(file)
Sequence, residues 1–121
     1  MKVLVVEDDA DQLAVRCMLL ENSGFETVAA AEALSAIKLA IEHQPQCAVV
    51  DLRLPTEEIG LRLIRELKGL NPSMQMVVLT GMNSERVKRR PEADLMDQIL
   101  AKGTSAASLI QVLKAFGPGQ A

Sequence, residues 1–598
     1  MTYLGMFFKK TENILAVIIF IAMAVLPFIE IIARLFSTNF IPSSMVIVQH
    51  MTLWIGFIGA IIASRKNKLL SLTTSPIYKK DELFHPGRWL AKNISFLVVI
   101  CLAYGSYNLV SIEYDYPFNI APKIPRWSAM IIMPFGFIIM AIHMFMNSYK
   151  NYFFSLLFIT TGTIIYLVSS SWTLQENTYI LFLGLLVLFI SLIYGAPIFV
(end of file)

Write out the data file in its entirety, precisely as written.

Sequence, residues 1–121
     1  MKVLVVEDDA DQLAVRCMLL ENSGFETVAA AEALSAIKLA IEHQPQCAVV
    51  DLRLPTEEIG LRLIRELKGL NPSMQMVVLT GMNSERVKRR PEADLMDQIL
   101  AKGTSAASLI QVLKAFGPGQ A

Sequence, residues 1–598
     1  MTYLGMFFKK TENILAVIIF IAMAVLPFIE IIARLFSTNF IPSSMVIVQH
    51  MTLWIGFIGA IIASRKNKLL SLTTSPIYKK DELFHPGRWL AKNISFLVVI
   101  CLAYGSYNLV SIEYDYPFNI APKIPRWSAM IIMPFGFIIM AIHMFMNSYK
   151  NYFFSLLFIT TGTIIYLVSS SWTLQENTYI LFLGLLVLFI SLIYGAPIFV